When your child with special needs turns age 18, you may lose all ability to assist with healthcare and financial decisions if you do not take a few crucial steps. At 18, the government considers your child an adult and will prevent you from accessing medical information or checking a bank account. Powers of attorney or a guardianship will keep you in the loop.
A power of attorney is a legal document that allows you to act for your child with special needs. After your child signs several different powers of attorney, you will be able to communicate with your child’s school, medical providers, employers, the bank, and state and federal agencies on your child’s behalf. The powers of attorney you need include:
- Special Education Power of Attorney
- Power of Attorney for the Social Security Administration
- Power of Attorney for the Illinois Department of Human Services
- Illinois Statutory Power of Attorney for Property
- Illinois Statutory Power of Attorney for Health Care
- Mental Health Treatment Form
Talk to a lawyer about how to sign these powers of attorney and which additional information you need to include on the standard forms.
Getting powers of attorney is the very first step you should take after your child turns 18. It is also one of the least restrictive ways to maintain your ability to make decisions on your child’s behalf. Your child can still make decisions for himself or herself, while allowing you the ability to do so too.
Sometimes, powers of attorney are not the best solution for an adult with special needs. For example, the adult can still enter into a contract or take money out of the bank without your consent. In contrast, a guardianship declares the individual to be an adult disabled person. But for adults with significant needs who need more protection or who might be taken advantage of, guardianships may be the best option.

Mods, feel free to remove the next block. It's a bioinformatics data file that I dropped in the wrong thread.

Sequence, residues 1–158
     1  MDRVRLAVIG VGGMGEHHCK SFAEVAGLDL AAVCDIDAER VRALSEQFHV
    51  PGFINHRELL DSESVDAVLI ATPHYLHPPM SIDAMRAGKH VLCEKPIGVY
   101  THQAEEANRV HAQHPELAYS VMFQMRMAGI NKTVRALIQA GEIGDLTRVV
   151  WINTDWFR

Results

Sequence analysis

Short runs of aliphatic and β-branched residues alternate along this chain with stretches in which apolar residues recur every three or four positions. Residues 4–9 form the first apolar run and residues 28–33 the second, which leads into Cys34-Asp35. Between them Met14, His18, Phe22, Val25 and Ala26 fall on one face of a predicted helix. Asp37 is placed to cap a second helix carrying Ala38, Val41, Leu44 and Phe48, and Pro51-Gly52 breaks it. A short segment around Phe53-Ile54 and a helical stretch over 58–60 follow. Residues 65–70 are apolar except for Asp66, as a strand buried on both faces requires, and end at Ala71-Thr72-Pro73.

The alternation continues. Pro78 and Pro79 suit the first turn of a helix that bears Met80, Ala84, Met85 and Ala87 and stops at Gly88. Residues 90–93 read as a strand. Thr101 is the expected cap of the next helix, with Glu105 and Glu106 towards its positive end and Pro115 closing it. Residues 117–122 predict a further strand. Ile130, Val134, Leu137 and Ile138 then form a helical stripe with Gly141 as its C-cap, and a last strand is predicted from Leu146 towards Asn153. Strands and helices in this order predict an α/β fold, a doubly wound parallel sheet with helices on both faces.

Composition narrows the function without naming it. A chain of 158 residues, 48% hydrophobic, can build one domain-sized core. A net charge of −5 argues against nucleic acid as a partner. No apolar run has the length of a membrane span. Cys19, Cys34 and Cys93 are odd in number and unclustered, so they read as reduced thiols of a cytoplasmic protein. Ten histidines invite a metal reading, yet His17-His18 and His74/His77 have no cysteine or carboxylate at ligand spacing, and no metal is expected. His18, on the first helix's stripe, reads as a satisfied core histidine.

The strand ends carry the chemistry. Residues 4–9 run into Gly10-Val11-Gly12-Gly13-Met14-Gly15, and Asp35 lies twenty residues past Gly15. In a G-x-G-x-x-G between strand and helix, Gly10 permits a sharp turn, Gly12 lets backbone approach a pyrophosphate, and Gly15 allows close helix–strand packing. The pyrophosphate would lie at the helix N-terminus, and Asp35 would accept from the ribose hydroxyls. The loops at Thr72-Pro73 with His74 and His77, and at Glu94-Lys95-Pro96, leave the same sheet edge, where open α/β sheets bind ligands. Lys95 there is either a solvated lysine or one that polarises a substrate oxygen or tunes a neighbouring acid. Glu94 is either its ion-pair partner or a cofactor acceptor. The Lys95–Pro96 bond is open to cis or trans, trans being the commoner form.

Securing a guardianship is a serious legal matter because it takes away an adult with special needs’ ability to make most decisions on his or her own. You must go to court and file a lawsuit to request the guardianship. The judge decides whether a guardianship is appropriate and who becomes guardian.
There are two types of guardianships in Illinois: limited guardianship and plenary (full) guardianship. The limited guardianship allows you to make decisions for your child in only a few limited areas listed on the court order. The plenary guardianship allows you full decision-making power. Both types of guardianships require you to take complete responsibility for your child’s needs, either in the limited areas specified or in all aspects of your child’s life. For more information about this process please read more here
Rubin Law is the only law firm in Illinois exclusively limited to providing compassionate special needs legal and future planning to guide our fellow Illinois families of children and adults with intellectual disabilities, developmental disabilities, or mental illness down the road to peace of mind. For more information, email us at firstname.lastname@example.org or call 866-TO-RUBIN.